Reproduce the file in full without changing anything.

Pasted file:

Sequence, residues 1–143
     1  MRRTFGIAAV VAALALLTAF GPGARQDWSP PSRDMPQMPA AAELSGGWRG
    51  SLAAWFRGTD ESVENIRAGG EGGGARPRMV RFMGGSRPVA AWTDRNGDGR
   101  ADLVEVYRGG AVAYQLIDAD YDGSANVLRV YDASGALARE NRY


Sequence, residues 1–143
     1  MRRTFGIAAV VAALALLTAF GPGARQDWSP PSRDMPQMPA AAELSGGWRG
    51  SLAAWFRGTD ESVENIRAGG EGGGARPRMV RFMGGSRPVA AWTDRNGDGR
   101  ADLVEVYRGG AVAYQLIDAD YDGSANVLRV YDASGALARE NRY